Some other changes that one would expect during an economic down cycle are a reduction in average hourly earnings, as there is a higher supply of workers, lowering worker bargaining power. The average hourly wage has increased slightly over the past five months. This indicates that there is not a higher supply of workers in the economy, that if anything workers are being awarded a cost of living increase.
It is also expected that the rate of inflation will drop towards the bottom of the business cycle — lower demand leads to lower prices. The CPI is not moving much, with annualized rates topping out at 0.5%, which is well below the Fed’s target inflation rate. Two of the past six months have seen deflation, which indicates a very poor economy. The trend is that CPI has declined the past four months, indicating that we may be moving towards the bottom of the business cycle. Support for this can be found with the producer price index and the U.S. import price index, both of which are tracking the CPI trend.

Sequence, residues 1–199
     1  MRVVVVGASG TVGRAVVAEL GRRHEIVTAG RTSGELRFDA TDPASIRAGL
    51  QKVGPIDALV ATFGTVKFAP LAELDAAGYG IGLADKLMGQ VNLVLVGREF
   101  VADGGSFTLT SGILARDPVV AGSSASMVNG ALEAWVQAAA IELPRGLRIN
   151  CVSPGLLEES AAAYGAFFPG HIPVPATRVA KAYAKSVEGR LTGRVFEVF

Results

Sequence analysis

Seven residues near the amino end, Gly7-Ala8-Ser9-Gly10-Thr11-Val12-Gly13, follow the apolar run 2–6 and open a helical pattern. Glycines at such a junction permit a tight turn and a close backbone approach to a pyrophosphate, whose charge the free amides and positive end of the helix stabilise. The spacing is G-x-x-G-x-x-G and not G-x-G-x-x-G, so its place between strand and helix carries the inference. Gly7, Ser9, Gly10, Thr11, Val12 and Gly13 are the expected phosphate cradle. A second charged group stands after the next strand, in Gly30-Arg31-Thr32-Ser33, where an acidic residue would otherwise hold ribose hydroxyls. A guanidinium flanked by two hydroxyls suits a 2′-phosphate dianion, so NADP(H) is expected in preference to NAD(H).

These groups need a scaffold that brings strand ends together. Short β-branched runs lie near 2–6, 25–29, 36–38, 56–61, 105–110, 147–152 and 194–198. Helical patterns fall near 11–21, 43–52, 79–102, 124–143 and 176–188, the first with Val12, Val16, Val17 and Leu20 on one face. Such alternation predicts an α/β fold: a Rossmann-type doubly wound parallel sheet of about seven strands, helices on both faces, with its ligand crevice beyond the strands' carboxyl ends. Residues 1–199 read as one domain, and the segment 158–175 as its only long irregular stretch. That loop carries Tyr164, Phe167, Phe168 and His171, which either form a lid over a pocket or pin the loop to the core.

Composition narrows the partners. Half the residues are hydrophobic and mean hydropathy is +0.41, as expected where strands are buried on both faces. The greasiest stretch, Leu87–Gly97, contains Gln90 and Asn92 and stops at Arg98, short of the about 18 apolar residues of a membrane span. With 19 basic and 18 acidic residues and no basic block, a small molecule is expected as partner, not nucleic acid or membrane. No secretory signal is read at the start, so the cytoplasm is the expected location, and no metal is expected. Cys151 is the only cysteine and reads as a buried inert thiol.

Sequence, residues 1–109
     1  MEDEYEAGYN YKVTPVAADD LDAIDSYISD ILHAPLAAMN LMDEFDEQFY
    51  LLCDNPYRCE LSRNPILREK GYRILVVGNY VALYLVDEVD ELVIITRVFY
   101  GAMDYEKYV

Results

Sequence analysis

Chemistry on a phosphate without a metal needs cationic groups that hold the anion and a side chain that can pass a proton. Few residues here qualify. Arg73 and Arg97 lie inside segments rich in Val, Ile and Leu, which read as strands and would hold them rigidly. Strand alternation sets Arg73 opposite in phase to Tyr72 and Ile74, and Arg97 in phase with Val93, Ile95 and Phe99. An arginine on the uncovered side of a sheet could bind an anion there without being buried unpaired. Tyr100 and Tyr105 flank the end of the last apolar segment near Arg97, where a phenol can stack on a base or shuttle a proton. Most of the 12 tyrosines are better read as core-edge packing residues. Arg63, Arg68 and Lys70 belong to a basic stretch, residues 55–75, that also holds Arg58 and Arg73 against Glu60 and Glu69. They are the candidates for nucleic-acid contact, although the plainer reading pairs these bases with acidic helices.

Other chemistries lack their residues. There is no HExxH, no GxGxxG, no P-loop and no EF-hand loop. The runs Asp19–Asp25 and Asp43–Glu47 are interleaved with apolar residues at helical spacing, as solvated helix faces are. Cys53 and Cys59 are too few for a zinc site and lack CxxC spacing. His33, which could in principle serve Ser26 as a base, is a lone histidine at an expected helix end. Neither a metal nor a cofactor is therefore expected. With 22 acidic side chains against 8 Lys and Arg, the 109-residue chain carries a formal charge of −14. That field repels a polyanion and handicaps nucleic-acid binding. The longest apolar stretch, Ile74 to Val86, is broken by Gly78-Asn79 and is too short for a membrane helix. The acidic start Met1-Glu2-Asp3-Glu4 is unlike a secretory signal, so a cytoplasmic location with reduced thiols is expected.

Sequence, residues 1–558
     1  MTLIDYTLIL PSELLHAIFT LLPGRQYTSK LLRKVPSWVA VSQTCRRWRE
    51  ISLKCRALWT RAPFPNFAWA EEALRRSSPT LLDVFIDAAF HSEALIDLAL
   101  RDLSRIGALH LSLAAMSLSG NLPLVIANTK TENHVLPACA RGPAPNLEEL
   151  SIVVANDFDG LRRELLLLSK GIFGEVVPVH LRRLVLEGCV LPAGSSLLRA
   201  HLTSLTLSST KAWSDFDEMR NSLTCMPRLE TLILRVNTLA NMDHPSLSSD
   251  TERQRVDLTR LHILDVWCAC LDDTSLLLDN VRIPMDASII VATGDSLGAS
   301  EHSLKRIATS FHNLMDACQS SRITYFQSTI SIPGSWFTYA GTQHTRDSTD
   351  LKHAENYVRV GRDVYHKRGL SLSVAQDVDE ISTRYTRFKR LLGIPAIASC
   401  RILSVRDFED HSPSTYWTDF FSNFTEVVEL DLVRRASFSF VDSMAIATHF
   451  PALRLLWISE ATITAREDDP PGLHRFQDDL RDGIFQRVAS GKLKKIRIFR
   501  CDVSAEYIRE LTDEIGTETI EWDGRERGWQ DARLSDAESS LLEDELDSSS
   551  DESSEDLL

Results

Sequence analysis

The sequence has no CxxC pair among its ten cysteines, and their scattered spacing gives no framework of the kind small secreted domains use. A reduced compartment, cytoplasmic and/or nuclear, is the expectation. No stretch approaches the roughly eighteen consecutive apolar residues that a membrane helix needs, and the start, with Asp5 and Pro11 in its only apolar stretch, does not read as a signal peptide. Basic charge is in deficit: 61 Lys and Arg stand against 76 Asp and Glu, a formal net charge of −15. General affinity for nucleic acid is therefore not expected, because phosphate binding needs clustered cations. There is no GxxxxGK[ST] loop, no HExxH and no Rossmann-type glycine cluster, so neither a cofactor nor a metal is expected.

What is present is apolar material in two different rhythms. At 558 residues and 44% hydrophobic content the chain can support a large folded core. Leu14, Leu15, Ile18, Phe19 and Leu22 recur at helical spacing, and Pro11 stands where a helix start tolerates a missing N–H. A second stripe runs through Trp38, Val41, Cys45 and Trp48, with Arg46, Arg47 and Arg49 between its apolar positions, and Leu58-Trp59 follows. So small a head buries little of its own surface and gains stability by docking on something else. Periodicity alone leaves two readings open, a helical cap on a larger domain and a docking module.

The evidence is actually inconclusive at this point. The GDP indicates that we are emerging from the bottom of a business cycle, the unemployment information suggests that we are still at the bottom, and the CPI information could make the case that the current trend is downward to the bottom of what would be a short-lived business cycle like the one in the early 80s.